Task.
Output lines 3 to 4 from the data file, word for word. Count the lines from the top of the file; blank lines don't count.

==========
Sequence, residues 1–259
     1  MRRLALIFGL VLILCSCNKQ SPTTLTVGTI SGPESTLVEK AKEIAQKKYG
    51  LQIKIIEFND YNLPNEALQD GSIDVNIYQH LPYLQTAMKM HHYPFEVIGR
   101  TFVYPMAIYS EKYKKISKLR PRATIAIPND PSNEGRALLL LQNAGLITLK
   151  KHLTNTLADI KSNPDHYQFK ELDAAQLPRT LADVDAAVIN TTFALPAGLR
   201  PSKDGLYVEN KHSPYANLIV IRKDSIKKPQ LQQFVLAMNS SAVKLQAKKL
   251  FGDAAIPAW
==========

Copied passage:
    51  LQIKIIEFND YNLPNEALQD GSIDVNIYQH LPYLQTAMKM HHYPFEVIGR
   101  TFVYPMAIYS EKYKKISKLR PRATIAIPND PSNEGRALLL LQNAGLITLK